What You Need to Know About BPAs
by Alison Rhodes
Based on emerging scientific study, there has been a growing scrutiny and concern about products containing Bisphenol-A (BPA) and the health threat it poses for our children. BPA is a chemical used mostly in polycarbonate plastics (PC), which are used in: baby bottles, sippy cups, sports bottles, canned food/ formula lining, and jar food lids among other things. Many researchers and scientists believe it causes a wide range of health problems, including breast and prostate cancer, infertility, diabetes and brain damage.
While the FDA contends that polycarbonate plastics are not dangerous, major retailers such as Walmart and Toys R Us are phasing out all baby bottles and other feeding products that contain BPAs. Bottle manufacturers are also taking note of parent's concern. Earlier this year, Playtex distributed one million free samples of Playtex Drop-Ins Original Nurser Systems, which are free of BPAs. It also announced that the balance of the product line will be converted to BPA-free material by year end. Even Avent, who appears to be the last hold-out, has now released a bottle that is similar to Playtex Nurser Drop-In System. While the outer shell of the bottle is still polycarbonate, the liner is polyethylene, which is a safe plastic, and keeps the liquid from touching any part of the bottle.
So how do you know if you're bottle or other feeding products have BPAs in them? What's more, how do you eliminate BPA's from other products in your home?
Check the number: Look at the recycling symbol on the bottom of your bottle or sippy cup. Polycarbonate plastic is usually marked with a 7. It might sometimes have a PC next to it indicating polycarbonate. But, not all #7's have BPAs and it's almost impossible to know which ones do and don't. Unfortunately many items don't have a recycling symbol on them which means you'll have to call the manufacturer directly and ask them, search their website or check a website such as Z Recommends http://zrecs.blogspot.com which reviews toys and infant products. In their Third Edition on BPA in Infant Care Products they have provided an exhaustive list of each manufacturer and the products that are BPA free. You can even send them a text message to find out information on a particular product.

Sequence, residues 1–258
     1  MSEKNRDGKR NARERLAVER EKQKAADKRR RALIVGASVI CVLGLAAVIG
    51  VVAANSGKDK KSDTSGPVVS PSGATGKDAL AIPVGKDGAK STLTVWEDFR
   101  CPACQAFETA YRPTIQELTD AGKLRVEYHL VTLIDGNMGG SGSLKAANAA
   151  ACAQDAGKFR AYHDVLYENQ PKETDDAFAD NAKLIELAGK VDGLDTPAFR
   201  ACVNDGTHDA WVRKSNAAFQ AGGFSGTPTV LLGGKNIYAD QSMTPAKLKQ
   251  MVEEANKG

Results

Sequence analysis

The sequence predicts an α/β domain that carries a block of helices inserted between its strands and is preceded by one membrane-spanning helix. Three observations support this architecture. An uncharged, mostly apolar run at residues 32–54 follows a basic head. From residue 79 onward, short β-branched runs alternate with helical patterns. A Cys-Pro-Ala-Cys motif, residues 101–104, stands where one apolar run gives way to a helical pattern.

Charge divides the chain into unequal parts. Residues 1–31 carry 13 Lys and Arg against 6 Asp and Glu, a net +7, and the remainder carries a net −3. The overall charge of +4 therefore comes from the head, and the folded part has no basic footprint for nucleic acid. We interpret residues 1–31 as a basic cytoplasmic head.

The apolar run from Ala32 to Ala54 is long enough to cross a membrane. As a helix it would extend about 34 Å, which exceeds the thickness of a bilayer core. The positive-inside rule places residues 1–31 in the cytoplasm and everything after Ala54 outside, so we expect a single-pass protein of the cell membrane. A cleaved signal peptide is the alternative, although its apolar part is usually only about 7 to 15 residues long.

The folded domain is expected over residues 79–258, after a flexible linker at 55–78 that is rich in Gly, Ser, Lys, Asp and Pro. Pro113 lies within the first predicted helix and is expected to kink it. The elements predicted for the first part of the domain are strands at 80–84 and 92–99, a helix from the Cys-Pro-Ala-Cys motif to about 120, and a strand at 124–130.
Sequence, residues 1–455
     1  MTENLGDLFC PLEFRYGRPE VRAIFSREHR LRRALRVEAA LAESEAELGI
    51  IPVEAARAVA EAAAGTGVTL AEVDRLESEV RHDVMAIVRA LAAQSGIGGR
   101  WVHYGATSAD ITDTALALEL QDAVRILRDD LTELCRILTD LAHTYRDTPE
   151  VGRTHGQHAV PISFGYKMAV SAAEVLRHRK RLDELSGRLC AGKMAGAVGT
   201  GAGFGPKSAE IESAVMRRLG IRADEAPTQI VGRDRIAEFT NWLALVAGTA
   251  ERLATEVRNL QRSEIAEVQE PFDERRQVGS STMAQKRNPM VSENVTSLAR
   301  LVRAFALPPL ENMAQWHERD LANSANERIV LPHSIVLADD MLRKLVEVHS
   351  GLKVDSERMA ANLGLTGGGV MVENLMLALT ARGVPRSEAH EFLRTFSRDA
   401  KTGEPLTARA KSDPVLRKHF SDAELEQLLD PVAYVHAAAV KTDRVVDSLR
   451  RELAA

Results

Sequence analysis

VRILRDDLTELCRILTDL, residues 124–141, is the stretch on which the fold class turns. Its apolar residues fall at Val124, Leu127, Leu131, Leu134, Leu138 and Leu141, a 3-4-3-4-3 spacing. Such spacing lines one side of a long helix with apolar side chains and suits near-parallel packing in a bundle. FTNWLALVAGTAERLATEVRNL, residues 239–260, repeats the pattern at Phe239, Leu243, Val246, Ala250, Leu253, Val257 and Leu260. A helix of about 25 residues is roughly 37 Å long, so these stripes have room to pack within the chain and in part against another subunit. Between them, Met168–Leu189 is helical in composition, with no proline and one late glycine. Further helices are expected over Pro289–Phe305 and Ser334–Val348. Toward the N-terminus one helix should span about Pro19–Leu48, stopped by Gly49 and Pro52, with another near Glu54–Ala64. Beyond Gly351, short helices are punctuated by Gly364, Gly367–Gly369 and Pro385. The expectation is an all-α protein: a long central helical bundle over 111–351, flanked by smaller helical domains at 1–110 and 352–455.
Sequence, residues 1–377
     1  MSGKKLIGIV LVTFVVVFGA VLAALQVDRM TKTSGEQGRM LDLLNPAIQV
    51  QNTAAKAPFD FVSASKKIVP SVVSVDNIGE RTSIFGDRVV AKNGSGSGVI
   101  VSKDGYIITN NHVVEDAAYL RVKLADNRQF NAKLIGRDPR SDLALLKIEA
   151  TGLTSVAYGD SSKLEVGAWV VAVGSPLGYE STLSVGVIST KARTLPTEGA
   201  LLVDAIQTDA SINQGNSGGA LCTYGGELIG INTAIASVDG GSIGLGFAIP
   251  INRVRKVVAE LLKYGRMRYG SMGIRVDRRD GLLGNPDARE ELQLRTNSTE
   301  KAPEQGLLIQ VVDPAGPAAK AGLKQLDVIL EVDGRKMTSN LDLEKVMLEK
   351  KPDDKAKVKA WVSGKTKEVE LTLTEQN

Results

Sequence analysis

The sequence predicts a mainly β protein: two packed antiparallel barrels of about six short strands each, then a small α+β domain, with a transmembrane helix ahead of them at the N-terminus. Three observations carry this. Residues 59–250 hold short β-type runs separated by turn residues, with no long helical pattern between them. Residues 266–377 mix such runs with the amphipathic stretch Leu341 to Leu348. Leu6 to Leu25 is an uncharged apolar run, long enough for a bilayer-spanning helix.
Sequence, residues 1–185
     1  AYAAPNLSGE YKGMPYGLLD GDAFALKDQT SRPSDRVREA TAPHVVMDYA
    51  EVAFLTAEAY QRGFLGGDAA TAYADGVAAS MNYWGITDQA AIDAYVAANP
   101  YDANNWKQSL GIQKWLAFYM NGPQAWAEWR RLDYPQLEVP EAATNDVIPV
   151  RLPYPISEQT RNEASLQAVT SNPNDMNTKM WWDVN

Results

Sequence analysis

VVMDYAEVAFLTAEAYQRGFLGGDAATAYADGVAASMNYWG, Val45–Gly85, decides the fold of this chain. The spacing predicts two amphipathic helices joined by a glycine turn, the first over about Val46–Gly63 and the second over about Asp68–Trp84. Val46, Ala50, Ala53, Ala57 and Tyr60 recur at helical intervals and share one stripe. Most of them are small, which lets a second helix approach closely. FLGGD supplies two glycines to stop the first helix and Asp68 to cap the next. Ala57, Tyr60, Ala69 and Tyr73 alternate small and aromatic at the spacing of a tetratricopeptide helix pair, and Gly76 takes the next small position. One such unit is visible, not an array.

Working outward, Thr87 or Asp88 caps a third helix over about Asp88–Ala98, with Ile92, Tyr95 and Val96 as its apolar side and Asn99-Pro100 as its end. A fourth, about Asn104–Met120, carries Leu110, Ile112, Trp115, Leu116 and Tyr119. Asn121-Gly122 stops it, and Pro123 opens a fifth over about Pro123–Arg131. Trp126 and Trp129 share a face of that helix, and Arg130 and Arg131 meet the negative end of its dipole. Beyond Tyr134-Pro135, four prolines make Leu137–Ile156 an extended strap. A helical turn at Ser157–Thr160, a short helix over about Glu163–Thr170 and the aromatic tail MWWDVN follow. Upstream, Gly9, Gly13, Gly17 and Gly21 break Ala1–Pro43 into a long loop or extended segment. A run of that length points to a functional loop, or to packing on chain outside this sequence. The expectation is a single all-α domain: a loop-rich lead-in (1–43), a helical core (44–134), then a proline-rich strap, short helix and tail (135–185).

Check the can: Most cans are lined with plastic that contains BPAs. That means that infant formula is at a high risk. When selecting a formula choose one that is in powdered form rather than liquid as liquid baby formula has some of the highest BPA levels of products tested.
The FDA contends that BPA is safe yet, as a mom, the nagging question remains; "Am I harming my child?" We all want what is best for our family and, if there are options available free of a particular chemical, most moms are saying "rather be safe than sorry."